Having quieted my personal fears, my mind returned to this wayward pastor. “How is it possible for someone who has truly been born from above, to entertain the idea that there is no God?”
“I can’t imagine that being possible,” was my conclusion.
Then I considered the multitudes of people who are very much like Pastor Ryan—only don’t realize it. Perhaps their churchgoing has so masked their underlying unbelief that they never think to follow the apostle Paul’s instructions to the Christians of his day to “Test yourselves to see if you are in the faith; examine yourselves!” (2 Corinthians 13:5) Surely if they did this with any earnestness they would have to admit that their lives don’t reflect the belief that there is an Almighty God perceiving their thoughts, discerning their motives, watching their secret words and actions.
It was then that it came to me: Perhaps the secret of the Apostasy is found in each person’s entrance into Christianity. The faith of those who have a genuine encounter with the living God is founded upon a vibrant relationship with a Person. It is a profound union of their spirits with the Spirit of Christ; a marriage that has occurred at the deepest level of their souls.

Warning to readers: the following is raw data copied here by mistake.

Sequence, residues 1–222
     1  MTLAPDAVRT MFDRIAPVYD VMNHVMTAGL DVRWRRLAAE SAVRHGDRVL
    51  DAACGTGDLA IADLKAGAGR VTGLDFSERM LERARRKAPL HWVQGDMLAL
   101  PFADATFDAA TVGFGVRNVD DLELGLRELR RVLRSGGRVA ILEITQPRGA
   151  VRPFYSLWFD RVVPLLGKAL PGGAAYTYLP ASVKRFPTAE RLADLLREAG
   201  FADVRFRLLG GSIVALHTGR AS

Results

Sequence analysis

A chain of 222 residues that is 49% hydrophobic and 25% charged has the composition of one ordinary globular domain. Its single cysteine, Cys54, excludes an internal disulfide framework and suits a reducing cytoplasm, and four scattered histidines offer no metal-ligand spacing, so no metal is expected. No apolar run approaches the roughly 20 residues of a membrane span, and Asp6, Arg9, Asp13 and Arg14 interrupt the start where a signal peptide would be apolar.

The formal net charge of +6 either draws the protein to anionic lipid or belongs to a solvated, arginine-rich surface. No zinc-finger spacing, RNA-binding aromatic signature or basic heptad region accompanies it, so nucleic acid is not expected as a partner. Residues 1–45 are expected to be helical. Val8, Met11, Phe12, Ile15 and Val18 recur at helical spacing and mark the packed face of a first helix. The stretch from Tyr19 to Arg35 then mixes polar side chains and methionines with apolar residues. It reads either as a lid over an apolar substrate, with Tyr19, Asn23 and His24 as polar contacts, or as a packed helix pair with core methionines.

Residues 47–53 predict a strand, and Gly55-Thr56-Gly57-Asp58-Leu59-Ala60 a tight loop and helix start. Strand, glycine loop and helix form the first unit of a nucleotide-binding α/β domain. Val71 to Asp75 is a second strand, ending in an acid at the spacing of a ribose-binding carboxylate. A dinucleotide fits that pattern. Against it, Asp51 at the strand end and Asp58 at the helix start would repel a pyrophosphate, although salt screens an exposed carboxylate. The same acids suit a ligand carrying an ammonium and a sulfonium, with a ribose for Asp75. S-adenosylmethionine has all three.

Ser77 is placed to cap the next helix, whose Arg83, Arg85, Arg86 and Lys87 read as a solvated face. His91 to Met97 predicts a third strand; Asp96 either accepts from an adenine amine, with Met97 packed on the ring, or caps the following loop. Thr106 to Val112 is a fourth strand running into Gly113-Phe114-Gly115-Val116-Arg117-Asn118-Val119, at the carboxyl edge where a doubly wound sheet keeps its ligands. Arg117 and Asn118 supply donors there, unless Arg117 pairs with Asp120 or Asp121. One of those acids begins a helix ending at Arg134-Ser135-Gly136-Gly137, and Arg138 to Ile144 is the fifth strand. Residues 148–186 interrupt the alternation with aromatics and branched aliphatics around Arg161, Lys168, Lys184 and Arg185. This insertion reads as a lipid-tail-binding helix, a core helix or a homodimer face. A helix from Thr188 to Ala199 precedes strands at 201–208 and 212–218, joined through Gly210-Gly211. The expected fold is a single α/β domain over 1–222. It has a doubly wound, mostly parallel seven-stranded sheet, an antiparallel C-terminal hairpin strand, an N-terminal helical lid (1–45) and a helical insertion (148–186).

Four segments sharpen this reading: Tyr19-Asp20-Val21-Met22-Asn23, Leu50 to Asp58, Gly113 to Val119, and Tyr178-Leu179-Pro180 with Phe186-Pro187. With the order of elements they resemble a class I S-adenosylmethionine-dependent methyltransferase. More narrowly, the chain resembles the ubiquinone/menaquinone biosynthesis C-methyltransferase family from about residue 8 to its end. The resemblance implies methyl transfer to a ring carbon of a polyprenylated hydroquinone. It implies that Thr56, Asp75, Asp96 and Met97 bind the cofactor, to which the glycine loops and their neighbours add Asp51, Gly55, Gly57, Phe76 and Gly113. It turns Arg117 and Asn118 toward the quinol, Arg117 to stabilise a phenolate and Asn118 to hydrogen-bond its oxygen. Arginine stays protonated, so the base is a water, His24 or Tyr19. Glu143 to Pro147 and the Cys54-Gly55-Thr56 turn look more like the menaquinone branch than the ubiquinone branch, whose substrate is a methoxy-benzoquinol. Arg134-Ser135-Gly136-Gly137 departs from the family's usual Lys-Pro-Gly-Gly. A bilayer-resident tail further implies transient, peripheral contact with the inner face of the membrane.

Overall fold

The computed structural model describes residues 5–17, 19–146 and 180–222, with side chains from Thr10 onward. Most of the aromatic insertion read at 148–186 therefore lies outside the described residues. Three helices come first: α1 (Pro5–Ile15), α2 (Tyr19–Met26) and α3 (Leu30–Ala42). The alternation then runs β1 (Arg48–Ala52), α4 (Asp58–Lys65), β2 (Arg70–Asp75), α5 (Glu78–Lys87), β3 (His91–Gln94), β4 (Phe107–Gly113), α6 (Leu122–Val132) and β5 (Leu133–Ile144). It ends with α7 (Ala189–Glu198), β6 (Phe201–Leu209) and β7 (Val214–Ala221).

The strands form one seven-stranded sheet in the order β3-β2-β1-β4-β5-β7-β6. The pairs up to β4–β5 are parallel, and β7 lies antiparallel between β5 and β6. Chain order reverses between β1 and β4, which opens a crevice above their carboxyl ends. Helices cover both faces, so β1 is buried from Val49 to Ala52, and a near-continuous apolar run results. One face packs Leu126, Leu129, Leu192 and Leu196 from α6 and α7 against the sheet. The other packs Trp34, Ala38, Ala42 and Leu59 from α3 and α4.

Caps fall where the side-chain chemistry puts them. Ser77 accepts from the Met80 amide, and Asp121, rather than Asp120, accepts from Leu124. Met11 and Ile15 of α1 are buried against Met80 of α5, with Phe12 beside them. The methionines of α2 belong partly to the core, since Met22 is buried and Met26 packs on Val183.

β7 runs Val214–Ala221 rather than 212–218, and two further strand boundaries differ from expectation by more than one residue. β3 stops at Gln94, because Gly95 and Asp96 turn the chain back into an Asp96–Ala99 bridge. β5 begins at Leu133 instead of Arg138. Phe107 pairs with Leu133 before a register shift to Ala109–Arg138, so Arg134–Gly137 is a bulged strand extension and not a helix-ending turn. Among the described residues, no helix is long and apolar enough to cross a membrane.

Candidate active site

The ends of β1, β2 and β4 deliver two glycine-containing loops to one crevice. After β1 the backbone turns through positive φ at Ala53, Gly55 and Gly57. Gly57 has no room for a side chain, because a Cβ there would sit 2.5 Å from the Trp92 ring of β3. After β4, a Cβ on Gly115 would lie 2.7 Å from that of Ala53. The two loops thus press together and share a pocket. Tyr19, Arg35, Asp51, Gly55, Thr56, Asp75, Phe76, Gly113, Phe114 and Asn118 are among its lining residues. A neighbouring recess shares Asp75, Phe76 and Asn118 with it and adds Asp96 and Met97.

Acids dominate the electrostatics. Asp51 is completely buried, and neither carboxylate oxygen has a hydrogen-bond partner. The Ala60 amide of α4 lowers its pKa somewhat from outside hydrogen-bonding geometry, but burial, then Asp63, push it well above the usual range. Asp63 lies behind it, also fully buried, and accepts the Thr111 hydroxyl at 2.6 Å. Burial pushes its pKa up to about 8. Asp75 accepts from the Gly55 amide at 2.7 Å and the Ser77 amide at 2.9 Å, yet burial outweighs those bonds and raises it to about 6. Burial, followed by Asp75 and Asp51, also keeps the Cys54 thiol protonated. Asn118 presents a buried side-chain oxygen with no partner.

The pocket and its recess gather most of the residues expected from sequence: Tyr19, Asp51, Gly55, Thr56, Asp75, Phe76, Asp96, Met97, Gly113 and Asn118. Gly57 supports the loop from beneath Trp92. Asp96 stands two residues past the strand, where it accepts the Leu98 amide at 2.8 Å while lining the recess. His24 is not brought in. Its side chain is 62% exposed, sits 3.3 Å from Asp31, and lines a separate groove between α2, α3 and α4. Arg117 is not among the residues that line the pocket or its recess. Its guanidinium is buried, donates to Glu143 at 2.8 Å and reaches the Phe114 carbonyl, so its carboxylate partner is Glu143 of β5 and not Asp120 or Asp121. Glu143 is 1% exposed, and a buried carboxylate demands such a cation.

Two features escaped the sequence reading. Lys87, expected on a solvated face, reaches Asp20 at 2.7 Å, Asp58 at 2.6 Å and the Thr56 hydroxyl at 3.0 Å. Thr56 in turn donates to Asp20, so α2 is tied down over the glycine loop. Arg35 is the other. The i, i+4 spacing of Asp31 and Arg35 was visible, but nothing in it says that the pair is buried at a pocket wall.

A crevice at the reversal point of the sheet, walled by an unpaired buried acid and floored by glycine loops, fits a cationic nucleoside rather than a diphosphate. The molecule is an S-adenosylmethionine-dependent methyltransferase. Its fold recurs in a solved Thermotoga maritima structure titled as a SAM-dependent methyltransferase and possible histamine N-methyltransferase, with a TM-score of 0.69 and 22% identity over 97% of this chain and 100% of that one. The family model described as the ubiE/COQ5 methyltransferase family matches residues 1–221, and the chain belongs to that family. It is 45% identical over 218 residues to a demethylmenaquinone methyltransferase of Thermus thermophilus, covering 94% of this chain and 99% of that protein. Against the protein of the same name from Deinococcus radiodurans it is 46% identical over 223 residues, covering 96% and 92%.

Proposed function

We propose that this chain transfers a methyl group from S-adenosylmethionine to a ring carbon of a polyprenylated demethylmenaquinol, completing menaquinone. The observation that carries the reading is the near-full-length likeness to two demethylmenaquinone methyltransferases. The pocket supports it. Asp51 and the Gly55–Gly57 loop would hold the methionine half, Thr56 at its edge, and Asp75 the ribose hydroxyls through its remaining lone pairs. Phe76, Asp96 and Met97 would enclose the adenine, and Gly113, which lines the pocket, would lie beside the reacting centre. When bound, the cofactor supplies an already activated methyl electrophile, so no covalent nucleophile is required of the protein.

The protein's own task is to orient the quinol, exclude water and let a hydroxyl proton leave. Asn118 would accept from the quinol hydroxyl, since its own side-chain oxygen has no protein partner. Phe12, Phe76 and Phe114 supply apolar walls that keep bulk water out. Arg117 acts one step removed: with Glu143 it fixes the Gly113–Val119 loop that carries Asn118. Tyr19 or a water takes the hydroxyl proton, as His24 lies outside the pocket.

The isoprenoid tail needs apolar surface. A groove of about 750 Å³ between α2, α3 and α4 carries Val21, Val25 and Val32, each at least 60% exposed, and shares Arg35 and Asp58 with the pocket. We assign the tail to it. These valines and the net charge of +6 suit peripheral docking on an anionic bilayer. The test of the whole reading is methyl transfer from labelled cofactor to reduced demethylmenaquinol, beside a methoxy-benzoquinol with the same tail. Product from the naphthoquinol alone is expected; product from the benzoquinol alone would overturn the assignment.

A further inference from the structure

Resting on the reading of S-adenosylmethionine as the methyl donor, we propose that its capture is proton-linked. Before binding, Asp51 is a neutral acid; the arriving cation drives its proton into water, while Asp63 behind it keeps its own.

In contrast are those who have wedded themselves—not to Jesus—but to a religious system they call “Jesus.” Yes, their emotions have often been stirred by rich worship and heart-tugging sermons. Their minds have been stimulated by intellectual teachings. But beneath the realm of their emotions and intellects—deep down in the recesses of their hearts—their souls remain unmoved, unaffected, unconverted. (For a stark reminder of what the Redeemer is really like, view The Radical Jesus video clip.)
Truth be told, it is only a matter of time before they too become so disillusioned by this religious system that their “faith” ends up on the rocks. How could they possibly endure when their belief system is built upon nothing more than a fleshly commitment?
There is coming a great shipwreck of souls such as the world has never before witnessed. Pastor Ryans by the millions will one day openly abandon and renounce their Christian faith.
But none of this will move me because my faith is not built upon a corrupt religious system but upon a living Savior who has never failed me nor forsaken me.